Re: "Lock" on object - Synchronized keyword

Mark Space <>
Tue, 20 May 2008 10:08:35 -0700
Vikram wrote:

What does this mean ? Does it mean that when a thread is invoking
method "bar", no other thread can make changes to any public static
member of the class and no other method can be invoked ?

No. It's a "synchronization lock", not a "read-write lock."

If thread A does this:

   synchronized( lockedObject ) {

Then thread B does this

   lockedObject.add( foo );

there is no lock, thread B adds foo without blocking. If you want
thread B to block, you have to do this:

   List newList = Collections.synchronizedList( lockedObject );
   synchronized( newList ) {
     ... // Thread A

Now, when thread B runs, the result is

   newList.add( foo ); // Note, gotta use the new object
   public boolean add( Object o ) { // Inside newList now
     synchronize( this ); // Thread B stops here

Now thread B will block because thread A has a lock and the new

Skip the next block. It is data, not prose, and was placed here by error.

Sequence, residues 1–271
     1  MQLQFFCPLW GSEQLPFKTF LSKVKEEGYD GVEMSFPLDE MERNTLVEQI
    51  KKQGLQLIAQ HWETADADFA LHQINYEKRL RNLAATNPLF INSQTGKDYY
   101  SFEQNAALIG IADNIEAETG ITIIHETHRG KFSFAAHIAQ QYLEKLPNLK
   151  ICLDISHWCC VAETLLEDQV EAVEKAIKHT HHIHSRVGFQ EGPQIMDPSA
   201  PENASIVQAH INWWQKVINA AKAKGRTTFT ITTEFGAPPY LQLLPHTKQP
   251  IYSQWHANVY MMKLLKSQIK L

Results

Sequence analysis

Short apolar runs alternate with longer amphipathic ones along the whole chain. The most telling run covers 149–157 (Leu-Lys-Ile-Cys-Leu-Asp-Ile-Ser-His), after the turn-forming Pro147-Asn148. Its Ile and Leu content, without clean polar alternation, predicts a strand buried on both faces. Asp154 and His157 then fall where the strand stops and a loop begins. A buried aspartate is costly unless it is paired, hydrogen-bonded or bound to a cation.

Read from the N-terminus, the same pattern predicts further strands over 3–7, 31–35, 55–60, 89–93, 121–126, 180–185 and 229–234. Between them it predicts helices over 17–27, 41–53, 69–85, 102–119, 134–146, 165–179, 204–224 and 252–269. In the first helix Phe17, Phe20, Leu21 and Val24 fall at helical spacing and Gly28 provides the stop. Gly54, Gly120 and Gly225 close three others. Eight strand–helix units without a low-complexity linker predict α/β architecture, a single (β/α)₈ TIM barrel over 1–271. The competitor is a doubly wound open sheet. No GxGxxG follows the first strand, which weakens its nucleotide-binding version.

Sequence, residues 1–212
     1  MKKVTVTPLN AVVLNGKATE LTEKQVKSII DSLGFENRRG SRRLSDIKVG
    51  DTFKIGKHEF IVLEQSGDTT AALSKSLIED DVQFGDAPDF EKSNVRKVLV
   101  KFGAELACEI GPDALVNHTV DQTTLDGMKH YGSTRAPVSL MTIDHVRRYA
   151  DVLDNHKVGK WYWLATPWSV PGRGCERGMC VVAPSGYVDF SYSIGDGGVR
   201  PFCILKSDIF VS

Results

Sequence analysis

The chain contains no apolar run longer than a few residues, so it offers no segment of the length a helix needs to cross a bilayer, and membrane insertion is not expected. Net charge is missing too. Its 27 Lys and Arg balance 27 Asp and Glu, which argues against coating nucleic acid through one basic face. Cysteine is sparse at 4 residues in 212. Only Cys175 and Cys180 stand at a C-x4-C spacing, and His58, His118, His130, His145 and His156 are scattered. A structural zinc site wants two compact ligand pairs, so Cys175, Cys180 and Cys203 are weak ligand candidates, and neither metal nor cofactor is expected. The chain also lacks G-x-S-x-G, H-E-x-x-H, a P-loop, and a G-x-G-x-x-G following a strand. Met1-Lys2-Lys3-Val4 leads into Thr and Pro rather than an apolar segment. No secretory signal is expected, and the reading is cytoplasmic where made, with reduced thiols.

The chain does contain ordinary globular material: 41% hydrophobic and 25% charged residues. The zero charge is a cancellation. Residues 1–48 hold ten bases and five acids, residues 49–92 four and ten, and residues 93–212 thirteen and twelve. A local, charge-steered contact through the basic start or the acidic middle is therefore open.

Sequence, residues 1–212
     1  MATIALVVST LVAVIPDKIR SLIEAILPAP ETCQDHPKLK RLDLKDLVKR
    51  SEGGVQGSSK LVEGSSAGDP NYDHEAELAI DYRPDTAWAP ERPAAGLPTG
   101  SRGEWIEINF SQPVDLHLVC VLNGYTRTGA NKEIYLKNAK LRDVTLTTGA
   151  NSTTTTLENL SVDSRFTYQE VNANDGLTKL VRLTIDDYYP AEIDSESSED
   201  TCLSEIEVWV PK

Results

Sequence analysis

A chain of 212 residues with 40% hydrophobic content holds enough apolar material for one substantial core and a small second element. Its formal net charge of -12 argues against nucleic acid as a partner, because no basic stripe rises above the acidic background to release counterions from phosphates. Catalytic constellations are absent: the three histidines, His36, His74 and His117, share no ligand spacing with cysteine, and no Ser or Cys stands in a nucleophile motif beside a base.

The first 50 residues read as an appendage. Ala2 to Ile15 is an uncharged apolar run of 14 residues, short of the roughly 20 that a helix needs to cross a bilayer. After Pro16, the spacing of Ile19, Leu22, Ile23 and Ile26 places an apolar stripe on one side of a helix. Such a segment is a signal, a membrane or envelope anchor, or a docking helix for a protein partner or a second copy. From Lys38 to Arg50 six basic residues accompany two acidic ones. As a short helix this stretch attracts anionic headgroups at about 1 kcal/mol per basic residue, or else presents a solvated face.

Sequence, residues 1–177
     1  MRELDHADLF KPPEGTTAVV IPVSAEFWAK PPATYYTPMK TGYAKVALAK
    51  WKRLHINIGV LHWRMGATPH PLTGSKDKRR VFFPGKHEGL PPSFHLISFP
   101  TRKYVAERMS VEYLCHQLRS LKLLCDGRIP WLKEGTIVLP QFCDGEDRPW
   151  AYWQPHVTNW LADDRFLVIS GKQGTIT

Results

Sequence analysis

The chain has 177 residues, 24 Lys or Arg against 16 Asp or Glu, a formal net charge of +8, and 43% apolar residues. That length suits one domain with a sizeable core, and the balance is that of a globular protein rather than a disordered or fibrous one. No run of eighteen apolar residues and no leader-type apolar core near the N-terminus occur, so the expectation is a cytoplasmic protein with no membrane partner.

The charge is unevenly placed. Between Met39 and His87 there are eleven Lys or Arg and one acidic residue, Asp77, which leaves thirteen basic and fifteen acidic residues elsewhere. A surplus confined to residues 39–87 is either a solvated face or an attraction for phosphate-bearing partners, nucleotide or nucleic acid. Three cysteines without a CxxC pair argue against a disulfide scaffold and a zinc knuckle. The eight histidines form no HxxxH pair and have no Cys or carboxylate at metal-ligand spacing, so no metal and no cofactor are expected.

synchronized add() method also takes the lock. (It might actually be
implemented differently in a synchronized List, I just made it a
separate line because it was shorter for email.)

(Also, it depends on the locking policy of the object. Synchronized
lists actually do lock the their object, and the docs say this, so I
know I can take that lock and thread B will block. Review the Java doc
for List.)

Synchronization locks are not read-write locks, but they can be used to
implement read-write locks. That's what the sychonizedList gives --
read-write locks -- and my little example shows one way it might
implement that r/w lock.

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